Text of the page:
Harrell’s interview with the Austin teen was part of a summer initiative aimed at coming up with a more accurate number of how many gang members are in Austin and gaining “street intelligence,” said police Sgt. Lester Vanzura.

Vanzura said, the officers acquire new information each day and are developing sources who can provide information about higher-up gang members, violent crimes or large drug deals.

Baker said, officers look at trends along the border as guidance for what may come to Austin. His concern, among the escalating crimes, is juvenile gang members.

Police found an increase of about 14 percent in documented youth gang members, from 658 in July 2010 to 748 this July. Juvenile members are mostly involved with graffiti, which officers said is on the rise, and with displaying their gang’s colors.

Baker said that juvenile gang membership nationwide may be on the rise again after a dip in the 1980s, perhaps fueled by cartel money that kids see as an easy way to make cash. But older gang members like to use kids in their operations because the juvenile justice system is more lenient, he said.

“They’re getting into situations they don’t understand,” Baker said. “They don’t know who they’re dealing with in the cartels. And then it’s hard for these kids to get out.”

Gangs in Austin

The extreme violence on the Mexican side of the border — which has included mass killings and public executions of police officers and elected officials — has been over the fight to control the points of entry gangs use to export drugs into the United States. That’s why cities in Texas haven’t seen the killings and other crimes that have plagued Mexico, Baker said.

“You don’t have to fight over entry points up here,” said police Lt. Norris McKenzie, who works in the department’s gang suppression and major crimes units. “You fight over ‘I didn’t get paid,’ or ‘somebody stole my dope.’\u2009”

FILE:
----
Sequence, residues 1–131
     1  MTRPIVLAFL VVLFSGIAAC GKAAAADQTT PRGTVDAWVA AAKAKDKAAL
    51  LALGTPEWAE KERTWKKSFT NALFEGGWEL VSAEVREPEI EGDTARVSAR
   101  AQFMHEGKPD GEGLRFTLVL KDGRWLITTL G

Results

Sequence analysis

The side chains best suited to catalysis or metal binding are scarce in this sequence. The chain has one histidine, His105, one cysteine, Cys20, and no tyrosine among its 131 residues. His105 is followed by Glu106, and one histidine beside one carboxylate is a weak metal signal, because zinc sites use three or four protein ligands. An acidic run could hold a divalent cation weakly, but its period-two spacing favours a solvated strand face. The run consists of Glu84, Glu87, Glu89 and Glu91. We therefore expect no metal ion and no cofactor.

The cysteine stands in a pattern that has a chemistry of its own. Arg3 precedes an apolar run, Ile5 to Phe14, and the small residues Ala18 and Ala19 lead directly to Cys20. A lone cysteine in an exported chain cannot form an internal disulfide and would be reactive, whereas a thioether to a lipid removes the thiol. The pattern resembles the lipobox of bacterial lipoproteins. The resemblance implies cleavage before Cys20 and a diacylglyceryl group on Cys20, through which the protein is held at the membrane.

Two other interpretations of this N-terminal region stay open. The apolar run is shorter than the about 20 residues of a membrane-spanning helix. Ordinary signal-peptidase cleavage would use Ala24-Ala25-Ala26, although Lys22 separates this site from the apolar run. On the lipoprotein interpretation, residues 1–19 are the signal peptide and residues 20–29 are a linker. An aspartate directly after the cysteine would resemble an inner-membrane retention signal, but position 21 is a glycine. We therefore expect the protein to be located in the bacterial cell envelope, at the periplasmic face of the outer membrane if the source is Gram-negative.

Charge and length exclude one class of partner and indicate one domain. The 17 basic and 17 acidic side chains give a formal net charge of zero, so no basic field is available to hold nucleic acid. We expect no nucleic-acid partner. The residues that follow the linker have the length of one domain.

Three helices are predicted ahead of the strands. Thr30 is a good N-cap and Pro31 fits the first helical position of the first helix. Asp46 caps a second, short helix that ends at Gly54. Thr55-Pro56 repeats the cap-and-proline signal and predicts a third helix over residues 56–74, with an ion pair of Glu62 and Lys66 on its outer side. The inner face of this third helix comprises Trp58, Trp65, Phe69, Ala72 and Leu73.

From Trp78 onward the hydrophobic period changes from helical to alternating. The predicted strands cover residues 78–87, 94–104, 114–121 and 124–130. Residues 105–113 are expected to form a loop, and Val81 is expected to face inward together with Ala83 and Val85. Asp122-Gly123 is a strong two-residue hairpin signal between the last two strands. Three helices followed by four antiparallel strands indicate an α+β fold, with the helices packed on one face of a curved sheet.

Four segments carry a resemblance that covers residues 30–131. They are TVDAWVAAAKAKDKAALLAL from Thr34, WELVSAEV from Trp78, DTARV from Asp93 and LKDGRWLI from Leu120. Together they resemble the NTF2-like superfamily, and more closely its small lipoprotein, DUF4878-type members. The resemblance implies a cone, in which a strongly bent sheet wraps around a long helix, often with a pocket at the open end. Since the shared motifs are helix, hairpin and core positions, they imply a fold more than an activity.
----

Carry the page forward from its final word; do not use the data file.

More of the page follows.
Baker said he doesn’t think the increases seen in the Hispanic population in Texas and the United States have anything to do with increased drug cartel activity. But he said he’s concerned about what might happen when the cartels get territorial and decide to lock down a market like Austin — or when the local gangs start fighting over their drug supplies.

The Most Dangerous Gang in the World

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The Zetas, Mexico’s most feared and violent criminal organization, has moved operations to Guatemala. In the process, they have shifted the balance of power in the region, undermining and overwhelming Guatemala’s government and putting its neighbors in El Salvador and Honduras on high alert. They have also introduced a new way of operating. The Zetas are focused on controlling territory. In this they are the experts, creating a ruthless and intimidating force that is willing to take the fight to a new, often macabre level. Whoever becomes Guatemala’s new president will face this challenge with little resources and government institutions that have a history of working for criminal organizations of all types. In sum, the Zetas are a test for Guatemala and the rest of the region: fail this test, and Central America sinks deeper into the abyss.